A silent flock of black birds soar over Stela 9’s courtyard, carving a rout through the warm impending dusk. Owner of the Antiguan design boutique and Air B’n’B, Jess Bercovici, sits alone at a wooden table painted lavender, cradling her chin in her left hand and clicking a laptop mouse pad with her right. An hour after closing time, Bercovici awaits her final guest of the evening, as the glow of her Mac laptop gradually illuminates the contours of her face and newly grown pixie-cut.
A knock on the thick, lacquered front door sends Bercovici’s dogs, Gruner and Ito, into a barking frenzy, piercing the twilight quietude like an out-of-reach alarm clock. Bercovici softly scolds the two dogs, half jogging across the courtyard to unlock the door for her guest, Guatemalan seamstress and Stela 9 collaborator, Irma Chuy Gómez. The women smile and hug, as soft and familiar Spanish greetings replace the canine howling. The dogs know this is not a stranger.
Bercovici started designing clothing under the Stela 9 label seven years ago on the fashion retail website, Etsy. The design company quickly metamorphosed into an international wholesale enterprise with more than 450 accounts. Named for a Mayan monument with spiritual significance, California-born Bercovici designed Stela 9 in hopes that every aspect of the company would reflect Guatemalan inspiration and contribution, including the hands which create the products.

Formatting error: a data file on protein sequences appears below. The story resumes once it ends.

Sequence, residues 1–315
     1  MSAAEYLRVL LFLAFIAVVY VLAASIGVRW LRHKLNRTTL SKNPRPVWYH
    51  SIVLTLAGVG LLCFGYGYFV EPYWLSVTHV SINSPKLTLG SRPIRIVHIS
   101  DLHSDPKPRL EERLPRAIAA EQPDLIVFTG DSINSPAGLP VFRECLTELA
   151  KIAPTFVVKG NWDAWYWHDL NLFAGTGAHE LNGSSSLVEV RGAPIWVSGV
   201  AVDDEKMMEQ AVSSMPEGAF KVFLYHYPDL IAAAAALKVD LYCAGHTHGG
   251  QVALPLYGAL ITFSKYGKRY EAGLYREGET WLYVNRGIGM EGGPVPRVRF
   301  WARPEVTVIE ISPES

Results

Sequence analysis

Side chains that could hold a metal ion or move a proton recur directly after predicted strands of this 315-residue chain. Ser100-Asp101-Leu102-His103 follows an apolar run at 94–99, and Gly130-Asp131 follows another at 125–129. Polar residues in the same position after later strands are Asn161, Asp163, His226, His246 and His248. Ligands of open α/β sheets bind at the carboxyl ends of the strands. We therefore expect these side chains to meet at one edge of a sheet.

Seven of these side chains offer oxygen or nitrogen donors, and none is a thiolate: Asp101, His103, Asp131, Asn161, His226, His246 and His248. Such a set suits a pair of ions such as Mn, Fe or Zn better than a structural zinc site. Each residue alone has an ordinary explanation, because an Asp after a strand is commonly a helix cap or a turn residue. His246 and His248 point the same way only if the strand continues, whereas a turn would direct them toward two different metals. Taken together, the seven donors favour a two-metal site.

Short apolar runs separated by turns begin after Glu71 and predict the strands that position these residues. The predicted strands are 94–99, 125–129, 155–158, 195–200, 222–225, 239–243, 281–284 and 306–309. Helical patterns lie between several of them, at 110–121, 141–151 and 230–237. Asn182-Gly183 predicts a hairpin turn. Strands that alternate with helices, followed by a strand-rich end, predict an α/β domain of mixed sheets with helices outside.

Before she met Bercovici three years, Gómez worked in a textile factory and sewing uniforms. When Bercovici began requesting custom designs, Gómez quit her job at the factory to work as a custom order seamstress, almost exclusively for Stela 9.
“Irma is very loving,” Bercovici says of Gómez. “She’s a sweetheart, but she’s also tough. She’s running a business and raising three kids. If Irma doesn’t get something right the first time she always gets it right the second.”